Final Words

Children with dyslexia have poor literacy skills, but there are ways to help. There are a variety of dyslexia intervention programs to choose from. When deciding on a treatment modality and how to implement it, consider the child’s age, severity of dyslexia, and learning preferences. Parents, educators, and healthcare professionals can choose the right dyslexia intervention program based on a child’s needs.


Al Otaiba, S., Gillespie Rouse, A., & Baker, K. (2018, October 24). Elementary Grade Intervention Approaches to Treat Specific Learning Disabilities, Including Dyslexia. Language, Speech, and Hearing Services in Schools, 49(4), 829-842. https://doi.org/10.1044/2018_LSHSS-DYSLC-18-0022 

Hatch, Shelly. (Accessed 2023, October 27). Multisensory Teaching for Dyslexia. Learning Disabilities Association of Utah. https://www.ldau.org/multisensory-teaching-for-dyslexia 

International Dyslexia Association. (Accessed 2023, October 27). Effective Reading Instruction. International Dyslexia Association. https://dyslexiaida.org/effective-reading-instruction/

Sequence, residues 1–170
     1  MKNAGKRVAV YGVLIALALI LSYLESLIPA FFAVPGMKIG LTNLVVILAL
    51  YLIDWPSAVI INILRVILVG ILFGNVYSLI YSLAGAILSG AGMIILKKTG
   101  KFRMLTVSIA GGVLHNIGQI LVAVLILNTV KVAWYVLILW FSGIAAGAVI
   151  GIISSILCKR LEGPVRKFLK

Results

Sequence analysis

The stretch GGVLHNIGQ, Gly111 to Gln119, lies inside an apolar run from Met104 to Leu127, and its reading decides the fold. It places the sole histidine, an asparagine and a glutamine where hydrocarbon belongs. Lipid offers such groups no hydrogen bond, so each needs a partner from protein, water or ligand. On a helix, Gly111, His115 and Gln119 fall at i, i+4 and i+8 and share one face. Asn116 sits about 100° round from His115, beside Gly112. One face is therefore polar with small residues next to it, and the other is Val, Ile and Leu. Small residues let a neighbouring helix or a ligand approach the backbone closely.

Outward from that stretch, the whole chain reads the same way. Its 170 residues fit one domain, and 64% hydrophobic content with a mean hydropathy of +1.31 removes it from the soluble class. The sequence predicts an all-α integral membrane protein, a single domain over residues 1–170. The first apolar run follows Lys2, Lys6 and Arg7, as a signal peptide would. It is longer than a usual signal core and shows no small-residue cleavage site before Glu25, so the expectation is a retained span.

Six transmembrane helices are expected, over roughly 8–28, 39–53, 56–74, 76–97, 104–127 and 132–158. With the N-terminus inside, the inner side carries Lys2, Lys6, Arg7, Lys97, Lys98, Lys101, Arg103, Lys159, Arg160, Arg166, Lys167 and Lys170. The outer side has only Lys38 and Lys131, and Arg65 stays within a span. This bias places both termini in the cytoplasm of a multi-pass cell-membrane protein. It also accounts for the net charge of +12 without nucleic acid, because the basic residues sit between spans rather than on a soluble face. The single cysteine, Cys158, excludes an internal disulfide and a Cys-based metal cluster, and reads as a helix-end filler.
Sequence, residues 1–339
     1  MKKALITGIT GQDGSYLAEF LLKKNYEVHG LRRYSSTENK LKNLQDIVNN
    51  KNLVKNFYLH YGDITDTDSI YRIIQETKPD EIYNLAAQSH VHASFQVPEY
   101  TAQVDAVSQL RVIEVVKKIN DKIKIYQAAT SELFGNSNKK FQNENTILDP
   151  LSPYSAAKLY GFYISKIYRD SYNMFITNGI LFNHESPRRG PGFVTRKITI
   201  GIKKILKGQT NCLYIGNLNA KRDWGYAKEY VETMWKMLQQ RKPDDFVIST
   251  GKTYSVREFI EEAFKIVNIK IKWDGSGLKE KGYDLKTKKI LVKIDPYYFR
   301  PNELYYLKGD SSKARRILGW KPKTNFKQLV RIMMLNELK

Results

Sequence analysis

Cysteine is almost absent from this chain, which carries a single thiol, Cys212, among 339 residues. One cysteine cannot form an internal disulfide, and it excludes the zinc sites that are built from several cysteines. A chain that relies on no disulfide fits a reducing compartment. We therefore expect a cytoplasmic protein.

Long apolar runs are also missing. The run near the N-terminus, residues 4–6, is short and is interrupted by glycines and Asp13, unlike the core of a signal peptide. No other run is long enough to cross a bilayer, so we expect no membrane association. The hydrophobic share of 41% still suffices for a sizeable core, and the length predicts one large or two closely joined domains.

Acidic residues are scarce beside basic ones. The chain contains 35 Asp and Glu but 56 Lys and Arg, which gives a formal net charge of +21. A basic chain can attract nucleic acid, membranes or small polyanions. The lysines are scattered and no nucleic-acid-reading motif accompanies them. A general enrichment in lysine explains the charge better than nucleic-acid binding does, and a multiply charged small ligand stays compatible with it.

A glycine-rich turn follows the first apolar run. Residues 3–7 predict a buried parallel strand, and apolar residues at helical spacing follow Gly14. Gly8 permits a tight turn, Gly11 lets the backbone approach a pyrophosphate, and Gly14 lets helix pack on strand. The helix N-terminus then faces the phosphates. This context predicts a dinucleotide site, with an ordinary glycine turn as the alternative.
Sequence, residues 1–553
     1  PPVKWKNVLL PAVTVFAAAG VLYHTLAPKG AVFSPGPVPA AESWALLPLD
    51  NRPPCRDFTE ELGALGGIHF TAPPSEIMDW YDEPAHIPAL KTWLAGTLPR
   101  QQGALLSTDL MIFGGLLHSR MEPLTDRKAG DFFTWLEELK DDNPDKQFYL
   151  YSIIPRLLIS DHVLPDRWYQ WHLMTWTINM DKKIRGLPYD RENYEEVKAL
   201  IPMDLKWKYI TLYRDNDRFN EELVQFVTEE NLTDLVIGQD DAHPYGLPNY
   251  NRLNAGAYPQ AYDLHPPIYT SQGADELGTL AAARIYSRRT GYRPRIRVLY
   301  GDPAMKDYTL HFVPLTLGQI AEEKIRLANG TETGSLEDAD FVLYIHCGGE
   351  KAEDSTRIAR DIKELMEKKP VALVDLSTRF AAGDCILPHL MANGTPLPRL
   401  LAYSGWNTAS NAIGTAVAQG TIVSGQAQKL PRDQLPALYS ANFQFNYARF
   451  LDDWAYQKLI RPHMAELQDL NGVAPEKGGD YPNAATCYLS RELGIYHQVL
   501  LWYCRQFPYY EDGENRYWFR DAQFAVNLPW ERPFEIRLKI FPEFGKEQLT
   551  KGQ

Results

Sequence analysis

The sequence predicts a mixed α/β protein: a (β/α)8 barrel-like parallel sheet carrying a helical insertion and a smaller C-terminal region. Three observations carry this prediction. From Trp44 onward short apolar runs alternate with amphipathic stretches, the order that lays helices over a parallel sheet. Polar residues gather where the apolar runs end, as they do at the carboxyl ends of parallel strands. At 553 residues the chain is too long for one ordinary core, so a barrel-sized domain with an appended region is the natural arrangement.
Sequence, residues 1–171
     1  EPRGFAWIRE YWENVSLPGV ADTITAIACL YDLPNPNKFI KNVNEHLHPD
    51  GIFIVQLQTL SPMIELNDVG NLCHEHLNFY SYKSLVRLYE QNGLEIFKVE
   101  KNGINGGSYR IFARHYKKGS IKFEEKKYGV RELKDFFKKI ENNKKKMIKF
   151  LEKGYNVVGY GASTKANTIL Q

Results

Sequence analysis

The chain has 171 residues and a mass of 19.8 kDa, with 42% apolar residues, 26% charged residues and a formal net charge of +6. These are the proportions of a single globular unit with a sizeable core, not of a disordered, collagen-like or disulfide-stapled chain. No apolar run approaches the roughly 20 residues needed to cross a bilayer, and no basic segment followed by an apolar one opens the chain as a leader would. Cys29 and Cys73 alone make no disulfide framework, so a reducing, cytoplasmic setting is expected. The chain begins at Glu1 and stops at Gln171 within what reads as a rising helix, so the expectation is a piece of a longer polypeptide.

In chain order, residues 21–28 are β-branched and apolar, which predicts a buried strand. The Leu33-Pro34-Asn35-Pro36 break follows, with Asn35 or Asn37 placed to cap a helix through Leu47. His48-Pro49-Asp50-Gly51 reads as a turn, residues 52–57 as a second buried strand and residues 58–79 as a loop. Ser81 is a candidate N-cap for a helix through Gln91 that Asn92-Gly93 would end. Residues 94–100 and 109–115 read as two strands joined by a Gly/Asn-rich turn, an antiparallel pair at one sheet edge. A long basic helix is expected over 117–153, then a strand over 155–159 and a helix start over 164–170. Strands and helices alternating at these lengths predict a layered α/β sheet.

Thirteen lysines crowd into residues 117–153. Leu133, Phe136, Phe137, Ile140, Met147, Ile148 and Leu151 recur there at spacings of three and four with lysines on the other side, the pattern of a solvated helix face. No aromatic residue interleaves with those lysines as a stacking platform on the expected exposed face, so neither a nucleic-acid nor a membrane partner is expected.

Orton-Gillingham Academy. (Accessed 2023, October 25). What is the Orton-Gillingham Approach? Academy of Orton-Gillingham Practitioners and Educators. https://www.ortonacademy.org/resources/what-is-the-orton-gillingham-approach/ 

Rosen, Peg. (Accessed 2023, October 27). Orton-Gillingham: What You Need to Know. Reading Rockets. https://www.readingrockets.org/topics/dyslexia/articles/orton-gillingham-what-you-need-know

Amanda Unrau

Amanda is a speech language pathologist by day, and a freelance writer during the in between times. She has worked with children of all ages in a variety of private practice and school settings, as well as telepractice. She enjoys research and tries to make her speech therapy and writing as functional as possible.